As all the world knows, Newsweek’s ace reporters Michael Isikoff and John Barry rushed to print with an unsubstantiated story about the alleged desecration of the Quran by interrogators at Guantanamo. This story has had lethal consequences. And no amount of apologizing will bring back to life those 15 or so Muslims killed in the ensuing protests.
Those who have worked with Newsweek in general, and Isikoff in particular, know that the magazine’s standards are not always quite this loose. Forensic economist Stephen Dresch learned this the hard way. In March of this year, Dresch had received highly convincing information from imprisoned mobster Gregory Scarpa Jr. that a cache of explosives remained hidden in the old house of his jailmate, Terry Nichols of Oklahoma City notoriety.
For four frustrating weeks, Dresch could not get the FBI or the media interested in the story. Even after the FBI finally heeded Dresch’s warning and extracted the explosives on March 31 – conveniently, hours after the death of Terry Schiavo – Isikoff turned a deaf ear to the story. “Isikov [sic] essentially contended that I had to prove to him that the FBI’s recovery of the cache in Herington, KS, was a result of the Scarpa intelligence,” Dresch wrote to me on April 5.
“To add insult to injury,” Dresch continued, “Isikoff demanded that I identify my intel-org-security colleague and his NSC and DHS conduits. In short, I’ve rarely dealt with such a pompous, ludicrous a–hole (if you will excuse my Mongolian).”
This week, Dresch learned just how flexible Isikoff’s standards were. Isikoff and Newsweek had inflamed the Middle East with a reckless bit of anti-American agitprop that had but one unnamed, uncertain source.
“You had named sources who had provided the Scarpa-Nichols intelligence re the Herington explosives cache to the FBI on 1 March 2005,” Dresch wrote to Isikoff on May 17. “You had a “confidential source” who had passed this intelligence to the National Security Council and to the Department of Homeland Security on 22 March 2005, while the FBI failed to act until 31 March-1 April 2005. Yet, you refused to publish anything related to this because you couldn’t get anyone in the FBI (the compromised agency) to confirm this. Even if this saga had been untrue (which it was not), no one would have died as a result of its publication.”
Two years ago, I had had my own close encounter with Isikoff and Newsweek, and it was as unpleasant as Dresch’s I met with Isikoff and his British colleague, Mark Hosenball, in Newsweek’s Washington offices to interest them in the TWA Flight 800 story chronicled in the book Jim Sanders and I had just written called “First Strike.”
Newsweek had much to be unpleasant about. It was Newsweek, after all, that had penned the media’s most stirring defense of the CIA’s now notorious animation, the one that depicts the transformation of a noseless jumbo jet into a soaring rocket, an animation that instantly discredited all eyewitness testimony and ended any real investigation into the plane’s destruction.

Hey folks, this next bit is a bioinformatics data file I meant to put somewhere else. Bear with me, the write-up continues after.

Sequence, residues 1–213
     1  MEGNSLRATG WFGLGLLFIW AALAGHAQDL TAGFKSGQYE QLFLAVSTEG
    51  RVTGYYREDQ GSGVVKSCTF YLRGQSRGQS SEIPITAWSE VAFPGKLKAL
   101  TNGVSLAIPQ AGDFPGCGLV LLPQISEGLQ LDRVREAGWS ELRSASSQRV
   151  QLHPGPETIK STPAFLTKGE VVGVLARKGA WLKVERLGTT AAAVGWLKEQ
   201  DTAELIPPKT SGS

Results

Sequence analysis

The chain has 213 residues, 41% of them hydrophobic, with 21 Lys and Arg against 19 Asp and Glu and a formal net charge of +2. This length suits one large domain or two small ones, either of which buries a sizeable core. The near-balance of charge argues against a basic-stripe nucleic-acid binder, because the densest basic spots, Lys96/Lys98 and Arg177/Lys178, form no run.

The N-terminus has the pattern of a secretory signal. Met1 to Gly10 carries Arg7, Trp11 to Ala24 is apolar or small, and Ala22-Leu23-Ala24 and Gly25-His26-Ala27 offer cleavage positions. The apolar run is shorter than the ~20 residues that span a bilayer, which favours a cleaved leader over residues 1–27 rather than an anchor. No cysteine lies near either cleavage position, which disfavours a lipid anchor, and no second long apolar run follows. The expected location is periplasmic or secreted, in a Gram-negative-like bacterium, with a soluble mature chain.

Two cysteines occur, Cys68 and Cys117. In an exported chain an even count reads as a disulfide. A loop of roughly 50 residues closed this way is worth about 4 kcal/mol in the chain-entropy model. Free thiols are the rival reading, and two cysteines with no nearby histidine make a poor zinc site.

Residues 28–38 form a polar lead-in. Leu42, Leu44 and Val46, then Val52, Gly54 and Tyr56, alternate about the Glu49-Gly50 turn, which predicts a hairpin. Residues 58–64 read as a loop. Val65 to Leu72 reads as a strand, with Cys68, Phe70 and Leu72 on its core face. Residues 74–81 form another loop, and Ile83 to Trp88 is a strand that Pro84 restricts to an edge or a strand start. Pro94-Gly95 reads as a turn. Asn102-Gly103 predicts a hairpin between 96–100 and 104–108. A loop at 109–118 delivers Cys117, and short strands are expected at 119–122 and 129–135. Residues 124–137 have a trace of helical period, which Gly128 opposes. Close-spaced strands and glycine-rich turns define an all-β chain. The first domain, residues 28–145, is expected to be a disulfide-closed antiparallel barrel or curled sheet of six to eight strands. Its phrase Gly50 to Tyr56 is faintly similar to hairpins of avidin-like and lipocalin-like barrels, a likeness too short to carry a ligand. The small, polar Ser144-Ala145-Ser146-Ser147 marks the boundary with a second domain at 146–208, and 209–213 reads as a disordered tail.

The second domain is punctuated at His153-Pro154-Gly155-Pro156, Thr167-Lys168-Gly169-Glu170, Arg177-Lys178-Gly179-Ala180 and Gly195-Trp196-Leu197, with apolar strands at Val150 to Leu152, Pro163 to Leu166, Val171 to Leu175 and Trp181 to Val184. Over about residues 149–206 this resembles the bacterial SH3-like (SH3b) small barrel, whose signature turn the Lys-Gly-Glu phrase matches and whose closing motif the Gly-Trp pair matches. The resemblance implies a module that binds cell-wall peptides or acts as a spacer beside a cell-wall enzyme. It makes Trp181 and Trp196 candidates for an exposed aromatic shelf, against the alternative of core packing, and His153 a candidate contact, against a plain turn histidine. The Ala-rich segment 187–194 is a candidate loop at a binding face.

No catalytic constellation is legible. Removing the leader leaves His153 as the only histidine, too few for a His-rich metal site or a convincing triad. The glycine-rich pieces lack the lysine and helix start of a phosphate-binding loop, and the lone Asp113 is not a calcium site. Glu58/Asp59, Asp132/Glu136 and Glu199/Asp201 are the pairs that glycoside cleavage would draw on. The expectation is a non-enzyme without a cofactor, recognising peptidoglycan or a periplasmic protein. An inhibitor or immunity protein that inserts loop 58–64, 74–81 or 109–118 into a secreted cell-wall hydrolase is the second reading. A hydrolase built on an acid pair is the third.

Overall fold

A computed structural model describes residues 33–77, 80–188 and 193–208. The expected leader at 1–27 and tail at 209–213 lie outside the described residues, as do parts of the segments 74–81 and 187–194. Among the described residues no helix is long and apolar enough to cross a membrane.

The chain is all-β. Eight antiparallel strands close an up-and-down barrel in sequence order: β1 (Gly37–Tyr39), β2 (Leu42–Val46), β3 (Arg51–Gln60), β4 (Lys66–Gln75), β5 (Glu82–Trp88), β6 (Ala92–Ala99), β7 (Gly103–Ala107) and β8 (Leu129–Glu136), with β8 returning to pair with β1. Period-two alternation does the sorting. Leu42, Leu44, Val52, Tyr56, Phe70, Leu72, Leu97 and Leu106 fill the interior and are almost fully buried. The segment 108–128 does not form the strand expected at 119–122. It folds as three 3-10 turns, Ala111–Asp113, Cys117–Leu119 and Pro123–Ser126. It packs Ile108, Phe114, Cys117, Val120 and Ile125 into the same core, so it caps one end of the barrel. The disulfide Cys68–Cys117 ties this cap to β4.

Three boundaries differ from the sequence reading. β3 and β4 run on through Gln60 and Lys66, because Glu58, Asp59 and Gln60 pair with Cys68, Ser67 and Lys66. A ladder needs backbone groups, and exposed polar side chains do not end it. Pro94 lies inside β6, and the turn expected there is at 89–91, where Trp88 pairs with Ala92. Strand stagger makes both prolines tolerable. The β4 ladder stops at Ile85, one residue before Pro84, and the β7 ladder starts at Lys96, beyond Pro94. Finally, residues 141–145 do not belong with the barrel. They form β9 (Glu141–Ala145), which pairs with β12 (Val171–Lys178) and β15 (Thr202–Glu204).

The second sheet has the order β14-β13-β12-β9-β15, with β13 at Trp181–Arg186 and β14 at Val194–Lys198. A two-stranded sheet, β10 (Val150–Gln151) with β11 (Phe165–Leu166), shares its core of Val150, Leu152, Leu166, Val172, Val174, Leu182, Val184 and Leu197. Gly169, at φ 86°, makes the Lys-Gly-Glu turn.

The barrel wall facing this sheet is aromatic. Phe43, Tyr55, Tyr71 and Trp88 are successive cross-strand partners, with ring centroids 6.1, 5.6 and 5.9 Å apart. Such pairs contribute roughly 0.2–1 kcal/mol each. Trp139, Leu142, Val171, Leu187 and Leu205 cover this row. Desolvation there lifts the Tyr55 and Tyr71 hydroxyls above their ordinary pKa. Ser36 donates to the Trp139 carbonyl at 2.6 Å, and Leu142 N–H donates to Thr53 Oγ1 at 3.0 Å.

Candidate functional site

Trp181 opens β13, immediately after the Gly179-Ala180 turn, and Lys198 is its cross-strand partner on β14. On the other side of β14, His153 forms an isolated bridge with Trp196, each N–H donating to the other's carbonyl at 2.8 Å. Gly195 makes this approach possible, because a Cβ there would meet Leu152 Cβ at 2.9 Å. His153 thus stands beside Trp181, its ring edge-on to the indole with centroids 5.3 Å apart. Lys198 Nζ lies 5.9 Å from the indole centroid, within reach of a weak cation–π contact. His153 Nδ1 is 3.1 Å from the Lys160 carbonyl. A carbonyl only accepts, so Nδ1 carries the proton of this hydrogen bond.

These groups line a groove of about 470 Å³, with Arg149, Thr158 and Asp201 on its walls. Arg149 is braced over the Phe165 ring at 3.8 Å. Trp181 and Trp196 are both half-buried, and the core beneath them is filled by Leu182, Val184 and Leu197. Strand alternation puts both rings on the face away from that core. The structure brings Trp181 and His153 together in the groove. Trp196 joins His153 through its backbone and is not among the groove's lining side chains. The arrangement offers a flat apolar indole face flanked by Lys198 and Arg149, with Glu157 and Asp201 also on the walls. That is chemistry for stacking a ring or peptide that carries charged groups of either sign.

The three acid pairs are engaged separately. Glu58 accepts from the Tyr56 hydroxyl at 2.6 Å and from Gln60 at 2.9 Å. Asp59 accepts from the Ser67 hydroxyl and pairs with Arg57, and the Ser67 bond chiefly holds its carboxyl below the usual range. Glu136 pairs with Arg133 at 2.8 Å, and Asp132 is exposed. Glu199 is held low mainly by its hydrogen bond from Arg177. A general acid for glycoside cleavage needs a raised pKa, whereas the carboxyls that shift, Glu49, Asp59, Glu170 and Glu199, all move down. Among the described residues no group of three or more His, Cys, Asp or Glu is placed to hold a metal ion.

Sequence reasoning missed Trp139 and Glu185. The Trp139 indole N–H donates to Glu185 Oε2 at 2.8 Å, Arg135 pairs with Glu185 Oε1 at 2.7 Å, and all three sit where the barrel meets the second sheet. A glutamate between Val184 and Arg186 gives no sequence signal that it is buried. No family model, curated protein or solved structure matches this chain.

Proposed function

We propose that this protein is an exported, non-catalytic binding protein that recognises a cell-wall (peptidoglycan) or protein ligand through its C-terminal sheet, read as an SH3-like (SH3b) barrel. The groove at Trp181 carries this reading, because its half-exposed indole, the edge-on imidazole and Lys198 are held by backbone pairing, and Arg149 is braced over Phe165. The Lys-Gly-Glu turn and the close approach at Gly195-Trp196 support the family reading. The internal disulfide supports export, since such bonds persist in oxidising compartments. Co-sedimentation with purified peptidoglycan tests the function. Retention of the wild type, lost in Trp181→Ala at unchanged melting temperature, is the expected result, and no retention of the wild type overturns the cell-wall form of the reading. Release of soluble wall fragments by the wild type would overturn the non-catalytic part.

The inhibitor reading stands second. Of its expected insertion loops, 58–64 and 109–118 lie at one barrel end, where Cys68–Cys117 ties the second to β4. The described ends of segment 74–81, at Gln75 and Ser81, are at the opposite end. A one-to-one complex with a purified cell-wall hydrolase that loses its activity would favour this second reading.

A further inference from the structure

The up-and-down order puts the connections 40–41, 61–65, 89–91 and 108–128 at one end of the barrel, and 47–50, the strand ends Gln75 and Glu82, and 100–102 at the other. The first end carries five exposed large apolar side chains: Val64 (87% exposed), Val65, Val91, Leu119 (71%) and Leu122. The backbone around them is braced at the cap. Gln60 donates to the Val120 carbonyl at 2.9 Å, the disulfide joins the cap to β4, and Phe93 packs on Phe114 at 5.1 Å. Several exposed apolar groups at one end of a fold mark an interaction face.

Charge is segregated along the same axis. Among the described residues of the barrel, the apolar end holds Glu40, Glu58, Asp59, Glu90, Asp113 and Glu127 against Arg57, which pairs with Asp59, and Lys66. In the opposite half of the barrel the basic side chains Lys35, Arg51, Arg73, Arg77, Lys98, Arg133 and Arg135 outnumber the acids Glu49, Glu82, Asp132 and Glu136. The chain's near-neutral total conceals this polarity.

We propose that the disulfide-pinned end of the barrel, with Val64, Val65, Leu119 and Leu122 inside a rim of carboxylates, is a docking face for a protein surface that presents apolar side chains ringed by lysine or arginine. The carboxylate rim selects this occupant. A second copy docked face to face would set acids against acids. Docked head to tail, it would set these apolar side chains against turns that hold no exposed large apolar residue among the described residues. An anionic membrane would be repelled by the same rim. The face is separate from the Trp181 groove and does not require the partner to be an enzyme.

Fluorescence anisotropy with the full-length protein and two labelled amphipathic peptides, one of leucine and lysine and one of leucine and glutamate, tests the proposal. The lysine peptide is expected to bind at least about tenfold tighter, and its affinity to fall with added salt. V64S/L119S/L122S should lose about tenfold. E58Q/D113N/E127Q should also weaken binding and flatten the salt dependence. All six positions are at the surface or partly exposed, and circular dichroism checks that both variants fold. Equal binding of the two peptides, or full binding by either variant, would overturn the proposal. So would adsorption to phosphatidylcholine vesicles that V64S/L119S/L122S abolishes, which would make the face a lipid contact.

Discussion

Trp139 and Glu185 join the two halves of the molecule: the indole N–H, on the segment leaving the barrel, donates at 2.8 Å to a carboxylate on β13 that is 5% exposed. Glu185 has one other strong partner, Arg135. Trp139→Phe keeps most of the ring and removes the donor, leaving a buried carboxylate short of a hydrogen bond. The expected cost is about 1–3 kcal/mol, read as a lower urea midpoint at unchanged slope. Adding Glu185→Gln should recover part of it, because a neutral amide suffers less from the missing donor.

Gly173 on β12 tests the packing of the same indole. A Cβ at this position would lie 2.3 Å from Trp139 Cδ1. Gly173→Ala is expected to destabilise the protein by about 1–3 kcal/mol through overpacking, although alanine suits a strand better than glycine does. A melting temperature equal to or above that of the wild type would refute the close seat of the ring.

The Newsweek piece, dated Dec. 1, 1997, uses a series of nine full-color “CIA PHOTOS” to make the CIA case. The photos show TWA Flight 800’s flaming passenger cabin climbing more than 3,000 feet to 17,000 feet, “creating the streak many witnesses mistake for a missile.”
When I asked how Newsweek could have relied on the CIA for such crucial information, Hosenball replied that certain unnamed Boeing executives had also assured him that the Boeing 747 fuel tank was a veritable accident waiting to happen. What executives? One has to wonder why any executive anywhere would make such incriminating statements to a Newsweek reporter.
Besides, when the CIA animation was first shown, Boeing had publicly dismissed it. “Boeing was not involved in the production of the video shown today, nor have we had the opportunity to obtain a copy or fully understand the data used to create it,” said the company in its immediate response to the animation. “The video’s explanation of the eyewitness observations can be best assessed by the eyewitnesses themselves.”
How did the eyewitnesses feel about the CIA animation? “That’s what I call the cartoon,” said helicopter pilot Maj. Fritz Meyer, “It was totally ludicrous. When that airplane blew up it immediately began falling. It came right out of the sky. From the first moment, it was going down.” Meyer’s perspective was the norm. Not one of the 750 official FBI witnesses had reported seeing the plane ascend after the explosion.
Making little headway, I asked Isikoff to read “First Strike.” He scoffed, “Which three pages?”
“Considering that this is the most important untold story of our time,” I answered, “how about a chapter?”
“Which three pages?” he countered dismissively.
Despite the overwhelming evidence of missile fire and CIA deception, Isikoff informed me that Newsweek was not about to recant. When I asked him what level of proof would be needed to change his mind, he suggested, only half-kidding, that I would have to bring in the guy who pulled the trigger.
Yes, in the protection of a certain legacy, the Newsweek standards could be very high indeed.